Monday, August 31, 2020

Beneath Ceaseless Skies #309 (2020)

Beneath Ceaseless Skies, ed. Scott H. Andrews. Issue #309 (July 2020). Online at

Reviewed by Sonia Sulaiman

Beneath Ceaseless Skies is a fantasy adventure magazine published online by Firkin Press. They publish, as they put it “fantasy set in secondary-world or historical settings, written with a literary focus on the characters.” This tighter, more literary lens is what makes Beneath Ceaseless Skies distinct in the fantasy fiction market place. One of the pieces in this issue, ‘Nneamaka’s Ghost,’ is a reprint from an earlier edition of Beneath Ceaseless Skies. All three tales in issue #309 are fantastic both in theme and in execution. Running through them all is a thread of the otherworldly, be it in the form of helpful, loving ghasts, selfish ghosts, or spirit children.

Let’s take a closer look at each story and see how well they stand up:

On the surface, R.H. Cloake’s “Satin and Velvet” is a slice of life story, a look at the life of a magician’s apprentice. What is at play here are emotions wrought to a breaking point: resentment, love, self-loathing, righteous anger. The ambition that one would also expect in such a story is all there in each of its three main characters of the unnamed Master, of Samara the oldest aspirant, and Greta the narrator and primary protagonist of “Satin and Velvet.” In the case of the Master and Samara, ambition takes its toll on their lives in corrosive ways. The callousness and disregard of the first primes Greta for achieving what her predecessor could not: freedom. It is a freedom which comes through her righteous anger. After a week of passive aggression, the injustice of her situation prompts Greta to lash out:
At last I turn and begin to carry the tray back down the winding steps of the tower. Something is building in me as I walk, something dark and terrible. I reach the large window at the third landing and feel anger like a sudden gush of bile. I hurl the tray and all the food through the window, shattering the glass.
This is a real turning point for Greta who makes a decision Samara, although much admired and loved, could never have made. The twist comes on gently although there is a restatement that follows which isn’t necessary and throws the pacing off slightly. Satin and Velvet could be read as an allegory for domestic violence of a sort, of alcoholism, and dysfunctional relationships. Lastly, the style of the piece is quite simple which suits the youthful narrator. It is an almost transparent narration style.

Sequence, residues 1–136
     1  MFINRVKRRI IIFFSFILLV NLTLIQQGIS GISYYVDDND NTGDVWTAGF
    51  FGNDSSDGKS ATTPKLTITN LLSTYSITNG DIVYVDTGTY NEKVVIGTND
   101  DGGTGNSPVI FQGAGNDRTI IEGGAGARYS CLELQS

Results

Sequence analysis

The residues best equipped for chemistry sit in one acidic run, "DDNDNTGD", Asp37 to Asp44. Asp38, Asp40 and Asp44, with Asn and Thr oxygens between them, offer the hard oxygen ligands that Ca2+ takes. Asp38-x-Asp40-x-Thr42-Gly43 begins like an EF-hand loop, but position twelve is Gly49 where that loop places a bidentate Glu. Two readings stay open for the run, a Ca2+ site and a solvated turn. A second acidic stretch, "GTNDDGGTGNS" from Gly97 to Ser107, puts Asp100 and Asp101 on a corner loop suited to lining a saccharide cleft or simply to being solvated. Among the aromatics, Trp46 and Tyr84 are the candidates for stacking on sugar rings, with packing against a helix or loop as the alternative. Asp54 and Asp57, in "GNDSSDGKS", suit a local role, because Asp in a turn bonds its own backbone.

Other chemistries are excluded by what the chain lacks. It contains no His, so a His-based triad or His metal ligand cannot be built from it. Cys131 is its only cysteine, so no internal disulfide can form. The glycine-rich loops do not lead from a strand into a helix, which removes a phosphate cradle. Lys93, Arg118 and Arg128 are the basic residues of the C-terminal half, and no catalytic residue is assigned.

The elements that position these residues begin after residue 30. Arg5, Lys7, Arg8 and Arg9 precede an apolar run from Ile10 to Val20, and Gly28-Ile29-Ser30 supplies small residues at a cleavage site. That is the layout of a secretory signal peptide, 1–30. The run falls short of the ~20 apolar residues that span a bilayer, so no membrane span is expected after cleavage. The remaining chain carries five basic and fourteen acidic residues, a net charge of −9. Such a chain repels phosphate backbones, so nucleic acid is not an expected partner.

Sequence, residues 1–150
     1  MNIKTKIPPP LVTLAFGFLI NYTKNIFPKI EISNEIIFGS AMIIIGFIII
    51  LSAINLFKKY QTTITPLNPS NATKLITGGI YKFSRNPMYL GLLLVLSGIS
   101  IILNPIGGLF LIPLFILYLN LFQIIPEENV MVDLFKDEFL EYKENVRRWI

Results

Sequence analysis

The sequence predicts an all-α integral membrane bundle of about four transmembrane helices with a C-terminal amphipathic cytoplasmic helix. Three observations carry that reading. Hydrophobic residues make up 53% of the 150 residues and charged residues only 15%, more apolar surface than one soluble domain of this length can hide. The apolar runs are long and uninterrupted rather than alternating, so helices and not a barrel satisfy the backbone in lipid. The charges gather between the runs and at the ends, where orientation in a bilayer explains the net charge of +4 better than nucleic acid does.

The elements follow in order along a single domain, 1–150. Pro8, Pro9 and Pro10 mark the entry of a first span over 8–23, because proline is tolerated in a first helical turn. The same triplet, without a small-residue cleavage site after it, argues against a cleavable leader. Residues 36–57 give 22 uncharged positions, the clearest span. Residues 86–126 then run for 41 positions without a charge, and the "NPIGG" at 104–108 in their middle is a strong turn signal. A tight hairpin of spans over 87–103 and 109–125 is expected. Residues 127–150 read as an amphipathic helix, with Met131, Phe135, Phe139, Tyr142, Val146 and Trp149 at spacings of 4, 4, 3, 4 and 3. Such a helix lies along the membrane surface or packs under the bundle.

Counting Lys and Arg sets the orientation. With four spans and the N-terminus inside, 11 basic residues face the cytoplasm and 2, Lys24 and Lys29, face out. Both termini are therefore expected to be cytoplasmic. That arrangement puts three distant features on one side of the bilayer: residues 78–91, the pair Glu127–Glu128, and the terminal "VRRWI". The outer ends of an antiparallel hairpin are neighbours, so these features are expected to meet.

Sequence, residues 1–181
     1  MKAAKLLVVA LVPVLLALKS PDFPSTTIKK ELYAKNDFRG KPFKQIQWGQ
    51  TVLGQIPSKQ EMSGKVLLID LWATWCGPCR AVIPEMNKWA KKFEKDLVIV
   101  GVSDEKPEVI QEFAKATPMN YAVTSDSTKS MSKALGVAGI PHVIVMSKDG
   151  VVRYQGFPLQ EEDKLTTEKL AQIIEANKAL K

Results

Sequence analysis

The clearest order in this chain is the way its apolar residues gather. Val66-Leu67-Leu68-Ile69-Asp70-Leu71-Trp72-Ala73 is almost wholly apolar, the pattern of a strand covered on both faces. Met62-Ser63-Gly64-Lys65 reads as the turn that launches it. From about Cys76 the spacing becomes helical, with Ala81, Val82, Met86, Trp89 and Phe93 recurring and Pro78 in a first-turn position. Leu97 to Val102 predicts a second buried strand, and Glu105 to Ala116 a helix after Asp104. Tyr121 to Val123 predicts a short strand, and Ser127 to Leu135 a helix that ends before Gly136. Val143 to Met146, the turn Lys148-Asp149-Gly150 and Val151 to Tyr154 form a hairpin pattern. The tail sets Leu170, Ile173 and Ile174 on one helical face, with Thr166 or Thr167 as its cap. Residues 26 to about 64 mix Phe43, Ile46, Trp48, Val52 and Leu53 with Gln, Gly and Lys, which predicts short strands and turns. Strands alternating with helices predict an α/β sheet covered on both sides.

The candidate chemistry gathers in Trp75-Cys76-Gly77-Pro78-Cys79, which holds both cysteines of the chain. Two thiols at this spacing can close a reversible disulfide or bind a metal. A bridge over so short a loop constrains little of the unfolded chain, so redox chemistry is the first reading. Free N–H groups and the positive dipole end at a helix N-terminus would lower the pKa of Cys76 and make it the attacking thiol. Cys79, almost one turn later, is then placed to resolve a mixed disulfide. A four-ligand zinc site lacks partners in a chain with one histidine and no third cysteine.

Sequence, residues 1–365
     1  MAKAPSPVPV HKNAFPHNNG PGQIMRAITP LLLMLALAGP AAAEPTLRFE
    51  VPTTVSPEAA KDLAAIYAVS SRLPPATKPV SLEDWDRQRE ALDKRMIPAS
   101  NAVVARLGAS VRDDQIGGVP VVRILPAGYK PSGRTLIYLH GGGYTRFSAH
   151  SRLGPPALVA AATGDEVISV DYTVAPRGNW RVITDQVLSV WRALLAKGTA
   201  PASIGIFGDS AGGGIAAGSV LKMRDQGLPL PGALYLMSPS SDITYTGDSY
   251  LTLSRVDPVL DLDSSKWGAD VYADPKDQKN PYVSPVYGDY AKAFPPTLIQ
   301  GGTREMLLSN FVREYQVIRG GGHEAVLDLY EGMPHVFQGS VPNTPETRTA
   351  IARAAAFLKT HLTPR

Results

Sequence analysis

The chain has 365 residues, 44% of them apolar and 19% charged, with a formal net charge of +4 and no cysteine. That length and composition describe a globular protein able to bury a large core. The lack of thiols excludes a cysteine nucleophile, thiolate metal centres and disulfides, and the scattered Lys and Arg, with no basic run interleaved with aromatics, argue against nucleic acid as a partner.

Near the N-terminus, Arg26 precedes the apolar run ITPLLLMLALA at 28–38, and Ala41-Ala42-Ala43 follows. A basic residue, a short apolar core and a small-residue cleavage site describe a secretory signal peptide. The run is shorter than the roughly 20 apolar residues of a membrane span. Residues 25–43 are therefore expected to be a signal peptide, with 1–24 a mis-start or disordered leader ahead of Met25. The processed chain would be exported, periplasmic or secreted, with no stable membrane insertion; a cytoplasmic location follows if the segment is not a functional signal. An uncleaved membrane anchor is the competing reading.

Despite the title, “The Many Lives of an Abiku” by Tobi Ogundiran is about the life of an abiku. ‘Abiku’ is a Yoruba word for the spirit of a child who dies before puberty. Such spirits are believed to revisit the same mother, never intending to stay in the mortal world, indifferent to or even enjoying the suffering of the mother. Sola is an abiku who is bound to her body by a mystic on behalf of her human family.
I felt a leaden sense of despair steal over me. I couldn’t stop her, and she knew that. I looked at my parents, at my brother, frozen. I thought of my life with them. The camaraderie. I thought of the way Baba bounced me on his knees; the musky, faint coconut smell of him. I thought of Mama and how she sang to me when she braided my hair to keep my mind off the pain. It wasn’t all bliss and sweet memories, but they were my family and I loved them. I couldn’t—didn’t want to—lose them.
At heart, “The Many Lives of an Abiku” is a horror story about the shattering of familial bonds, of the unwillingness to accept change or compromise. The binding of Sola is a ritual on the one hand, and a natural, familial bond on the other—one which brings her into conflict with Rewa, another abiku. This story is also a pure adventure, keeping the reader hooked on every word. The ending is satisfying and poignant. The author has crafted a tale from traditional folklore that has taken on a life of its own, as it were.

Walter Dinjos’s “Nneamaka’s Ghost” is a ghost story with a humorous twist to it. A banished villager gets embroiled in the affairs of the dead prince and princess he was supposed to protect. The ghosts constantly remind him of the myths and stories and folklore about themselves, and about how to treat a ghost for good or ill.

The prose is slightly purple, just enough to play into the fairy tale quality of the man’s story. The narrator sounds more grandiose than he ought, because he clings to the idea that he has a heroic role to play in these events:
But where can I run when an expanse of savannah bush girdles me, when the nearest village, the one from which I was banished, lies seven miles to the south? With the way my legs tremble, I dread that trying to rise from my fall would reveal that my predicament has paralyzed me. My heart drums like the footfalls of a giant trying to escape a crashing cavern—but faster.
When all is said and done, our narrator has indeed become the central character in a folktale but not the one he was hoping for. A lighthearted spook story, there are many twists and turns in store for our much put upon narrator whose troubles never seem to end no matter what he does. His choices only lead him into more dire straits. The ending is satisfying while also giving one the feeling that, as his story had taken so many turns, there would be still more in store for him. Or maybe he will escape his doom; who knows? Maybe he will finally find happiness some day with the hairy-breasted women he was so loath to marry.

So there we have it: three stories of phantoms, short glimpses into fantastic other worlds. If you’re looking for a quick hit of the otherworldly, some ghost stories to read as the summer wanes, check out issue 309 of Beneath Ceaseless Skies.

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